The InsiderOne Daily Report
Wednesday, February 7, 2001
New Tycoon, Same As The Old Tycoon
InsiderOne's Michael Goldberg writes: F. Scott Fitzgerald never finished his last novel, "The Love of the Last Tycoon." He was, perhaps, a third done with it when he died of a heart attack in 1940 at age 44. According to Fitzgerald expert Matthew J. Bruccoli, the author thought he was a failure. By the time he had turned 40, the celebrity that had accompanied the 1920 publication of his first novel, This Side of Paradise, had faded, and the "protagonist and exponent of the Flapper Age," as the Chicago Daily News put it in his obit, "was almost as remote from contemporary interest as the authors of the blue-chip stock certificates of 1929... no one was mistaking a story writer for the Herald of an Era." Fitzgerald had relocated to Hollywood, where he tried his hand as a contract writer for MGM. Failing at that, he was surviving by writing short stories for magazines including Esquire. I recently reread his brilliant fourth novel, Tender Is the Night, the one he wrote after The Great Gatsby, and I just finished his incomplete yet fascinating last work. "Tender Is the Night," a "story of deterioration," as Fitzgerald put it, was published in 1934. It is filled with brilliant prose, and in some ways may be a greater work than "The Great Gatsby," although I wouldn't put up much of a fight if you made the case for "Gatsby." In reading his final work, I was surprised, shocked even, to find that despite his alcoholism and ruin, Fitzgerald's talent remained with him right up to the end. If he'd been able to finish "The Love of the Last Tycoon," I am confident it would stand as the definitive portrait of Hollywood. As it is, what Fitzgerald did write captures the entertainment business with chilling accuracy. The book is a portrait of Monroe Stahr (based on real-life movie mogul Irving Thalberg), who runs a major Hollywood studio. Stahr is 35 when we meet him, but he has held the throne at the studio since he was just 25, surviving, as Fitzgerald put it in his notes, "the talkies, the depression, [and] carried his company over terrific obstacles and done it all with a sense of growing kingliness." Though it would have been easy to make Stahr a one-dimensional villain, Fitzgerald didn't do that. Instead, we see a fully realized human being, with strengths and weaknesses and a keen intelligence, who can love and be emotionally hurt. Yet despite all that, Stahr is ultimately a villain, a man with great power who wields it as he pleases, making or destroying careers. Like many men of power and privilege, he sees the people who work for him as easily replaceable. If one director can't deliver what's needed, toss him out and bring in another. Toward the end of the novel there's a scene between Stahr and Brimmer, a member of the Communist party. Stahr, who has been negotiating with the Writers Guild, tells Brimmer, "I never thought that I had more brains than a writer has. But I always thought that his brains belonged to me because I knew how to use them. Like the Romans I've heard that they never invented things but they knew what to do with them. Do you see? I don't say it's right. But it's the way I've always felt since I was a boy." Funny how something written over half a century ago remains so relevant.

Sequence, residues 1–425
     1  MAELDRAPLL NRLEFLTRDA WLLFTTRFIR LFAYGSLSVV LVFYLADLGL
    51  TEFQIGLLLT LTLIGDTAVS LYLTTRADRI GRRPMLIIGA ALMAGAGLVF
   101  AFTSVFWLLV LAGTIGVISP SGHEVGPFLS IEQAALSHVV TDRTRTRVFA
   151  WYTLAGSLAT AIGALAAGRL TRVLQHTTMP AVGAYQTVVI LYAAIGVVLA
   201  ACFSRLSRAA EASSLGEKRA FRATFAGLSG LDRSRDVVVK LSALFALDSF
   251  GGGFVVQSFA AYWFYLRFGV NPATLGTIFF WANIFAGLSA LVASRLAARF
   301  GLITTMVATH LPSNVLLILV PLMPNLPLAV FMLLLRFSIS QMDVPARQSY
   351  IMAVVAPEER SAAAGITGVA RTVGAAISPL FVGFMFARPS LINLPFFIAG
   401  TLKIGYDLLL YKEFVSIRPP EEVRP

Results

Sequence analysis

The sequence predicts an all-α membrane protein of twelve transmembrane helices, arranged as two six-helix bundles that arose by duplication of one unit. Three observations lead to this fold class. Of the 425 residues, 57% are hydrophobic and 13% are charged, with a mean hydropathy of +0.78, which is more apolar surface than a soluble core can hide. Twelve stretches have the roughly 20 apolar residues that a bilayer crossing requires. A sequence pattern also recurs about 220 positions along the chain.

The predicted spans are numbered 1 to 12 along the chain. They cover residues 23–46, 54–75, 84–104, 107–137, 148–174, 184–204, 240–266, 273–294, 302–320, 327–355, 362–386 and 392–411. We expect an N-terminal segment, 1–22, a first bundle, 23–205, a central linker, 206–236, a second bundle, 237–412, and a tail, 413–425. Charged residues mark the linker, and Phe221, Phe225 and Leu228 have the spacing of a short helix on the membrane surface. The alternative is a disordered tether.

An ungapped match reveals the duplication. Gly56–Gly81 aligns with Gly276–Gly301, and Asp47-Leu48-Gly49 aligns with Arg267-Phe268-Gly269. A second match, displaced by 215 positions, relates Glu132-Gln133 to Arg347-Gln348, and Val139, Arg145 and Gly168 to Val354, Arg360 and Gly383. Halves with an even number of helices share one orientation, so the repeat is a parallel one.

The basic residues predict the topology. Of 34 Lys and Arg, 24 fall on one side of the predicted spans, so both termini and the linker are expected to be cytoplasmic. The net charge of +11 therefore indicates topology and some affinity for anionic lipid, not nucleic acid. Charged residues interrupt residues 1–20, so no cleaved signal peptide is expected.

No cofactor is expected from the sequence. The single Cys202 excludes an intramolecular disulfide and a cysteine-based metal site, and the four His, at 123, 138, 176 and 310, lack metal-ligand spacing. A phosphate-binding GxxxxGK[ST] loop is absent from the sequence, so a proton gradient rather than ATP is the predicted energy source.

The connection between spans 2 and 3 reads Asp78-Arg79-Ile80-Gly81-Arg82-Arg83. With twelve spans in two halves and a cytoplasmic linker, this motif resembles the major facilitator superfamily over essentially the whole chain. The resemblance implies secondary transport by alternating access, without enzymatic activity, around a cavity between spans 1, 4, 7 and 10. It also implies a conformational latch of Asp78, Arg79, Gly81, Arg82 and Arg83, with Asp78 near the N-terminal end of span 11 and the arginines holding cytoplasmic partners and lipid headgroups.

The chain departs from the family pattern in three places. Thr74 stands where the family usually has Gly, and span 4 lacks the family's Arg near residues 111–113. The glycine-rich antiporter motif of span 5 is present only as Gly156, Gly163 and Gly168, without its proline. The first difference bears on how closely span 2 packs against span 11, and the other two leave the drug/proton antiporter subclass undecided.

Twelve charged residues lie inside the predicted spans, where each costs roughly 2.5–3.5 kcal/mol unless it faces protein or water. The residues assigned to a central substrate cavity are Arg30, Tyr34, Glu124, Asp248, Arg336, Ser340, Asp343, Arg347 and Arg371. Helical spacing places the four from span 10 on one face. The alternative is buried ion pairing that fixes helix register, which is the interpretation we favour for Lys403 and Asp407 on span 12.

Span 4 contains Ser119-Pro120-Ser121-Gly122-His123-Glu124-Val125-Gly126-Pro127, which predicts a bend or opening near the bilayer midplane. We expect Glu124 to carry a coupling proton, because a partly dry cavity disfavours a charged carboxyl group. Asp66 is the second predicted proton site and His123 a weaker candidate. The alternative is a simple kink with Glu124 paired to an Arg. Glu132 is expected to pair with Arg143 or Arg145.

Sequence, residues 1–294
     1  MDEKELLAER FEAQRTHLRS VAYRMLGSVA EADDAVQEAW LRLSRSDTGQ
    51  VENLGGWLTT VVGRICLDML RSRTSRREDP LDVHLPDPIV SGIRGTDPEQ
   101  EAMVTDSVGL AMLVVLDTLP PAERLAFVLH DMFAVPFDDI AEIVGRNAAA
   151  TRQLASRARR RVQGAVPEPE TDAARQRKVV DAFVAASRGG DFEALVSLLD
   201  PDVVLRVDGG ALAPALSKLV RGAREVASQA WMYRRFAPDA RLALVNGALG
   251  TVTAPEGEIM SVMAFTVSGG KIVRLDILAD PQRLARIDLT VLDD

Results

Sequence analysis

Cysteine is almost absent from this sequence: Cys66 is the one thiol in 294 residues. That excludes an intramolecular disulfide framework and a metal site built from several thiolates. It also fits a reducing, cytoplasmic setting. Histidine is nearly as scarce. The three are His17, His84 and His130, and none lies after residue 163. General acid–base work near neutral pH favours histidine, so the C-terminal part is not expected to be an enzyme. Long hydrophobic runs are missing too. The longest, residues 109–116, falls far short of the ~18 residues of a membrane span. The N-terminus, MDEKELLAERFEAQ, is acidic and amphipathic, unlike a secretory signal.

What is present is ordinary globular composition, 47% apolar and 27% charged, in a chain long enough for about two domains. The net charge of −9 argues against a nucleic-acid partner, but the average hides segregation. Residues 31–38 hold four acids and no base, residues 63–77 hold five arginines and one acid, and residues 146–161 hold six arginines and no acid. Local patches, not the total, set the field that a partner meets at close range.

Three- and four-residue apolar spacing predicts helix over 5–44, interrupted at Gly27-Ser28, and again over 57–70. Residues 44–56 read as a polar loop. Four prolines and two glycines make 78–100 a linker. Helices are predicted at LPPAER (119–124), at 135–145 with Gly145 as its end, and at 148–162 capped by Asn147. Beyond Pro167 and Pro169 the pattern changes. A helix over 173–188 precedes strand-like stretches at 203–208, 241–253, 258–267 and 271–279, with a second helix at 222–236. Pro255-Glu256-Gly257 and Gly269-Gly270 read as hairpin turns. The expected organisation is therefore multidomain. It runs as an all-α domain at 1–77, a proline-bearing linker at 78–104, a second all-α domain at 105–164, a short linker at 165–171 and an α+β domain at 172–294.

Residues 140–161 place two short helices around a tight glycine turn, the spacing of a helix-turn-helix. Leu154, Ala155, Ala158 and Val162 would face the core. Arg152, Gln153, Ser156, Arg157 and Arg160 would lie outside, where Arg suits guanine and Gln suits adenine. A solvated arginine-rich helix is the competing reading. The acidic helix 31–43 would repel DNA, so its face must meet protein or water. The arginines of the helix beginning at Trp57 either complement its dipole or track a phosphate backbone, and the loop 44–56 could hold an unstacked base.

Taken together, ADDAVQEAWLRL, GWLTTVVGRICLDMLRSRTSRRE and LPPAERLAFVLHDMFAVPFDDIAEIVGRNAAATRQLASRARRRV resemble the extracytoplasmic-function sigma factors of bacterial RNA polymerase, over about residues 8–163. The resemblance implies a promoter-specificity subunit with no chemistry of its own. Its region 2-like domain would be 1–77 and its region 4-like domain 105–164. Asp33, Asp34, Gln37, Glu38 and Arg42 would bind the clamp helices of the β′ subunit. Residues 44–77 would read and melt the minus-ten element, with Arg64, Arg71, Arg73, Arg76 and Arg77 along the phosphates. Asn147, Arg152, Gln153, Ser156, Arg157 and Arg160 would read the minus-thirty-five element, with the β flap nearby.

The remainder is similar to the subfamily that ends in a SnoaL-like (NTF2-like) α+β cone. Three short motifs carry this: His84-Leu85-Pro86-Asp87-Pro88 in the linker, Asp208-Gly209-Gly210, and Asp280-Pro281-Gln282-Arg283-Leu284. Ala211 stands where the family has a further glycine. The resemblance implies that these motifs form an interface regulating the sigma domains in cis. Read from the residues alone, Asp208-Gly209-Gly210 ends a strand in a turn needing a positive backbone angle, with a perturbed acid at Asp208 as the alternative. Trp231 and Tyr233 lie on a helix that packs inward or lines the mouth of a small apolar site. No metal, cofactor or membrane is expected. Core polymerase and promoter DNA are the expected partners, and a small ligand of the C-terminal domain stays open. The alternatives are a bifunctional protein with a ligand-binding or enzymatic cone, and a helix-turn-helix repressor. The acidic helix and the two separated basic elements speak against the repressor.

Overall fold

Datastream: The Afghan Whigs have called it quits, according to their label, Columbia Records. Leader Greg Dulli is already working on a second solo album, the follow-up to last year's superb Twilight As Played By the Twilight Singers. The Whigs were together for 14 years, recording six albums, including their critically acclaimed masterpiece, Gentlemen, as well as 1965 and Black Love. The problem, according to a label press release, was "geographical distance" between the bandmembers. Dulli was in L.A., bassist John Curley and drummer Michael Horrigan were in Cincinnati and guitarist Rick McCollum was in Minneapolis. In a statement released to the media, the group said of its years together, "It was a blast."
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Michael Goldberg is the president of insiderone.net. He founded Addicted To Noise in 1994.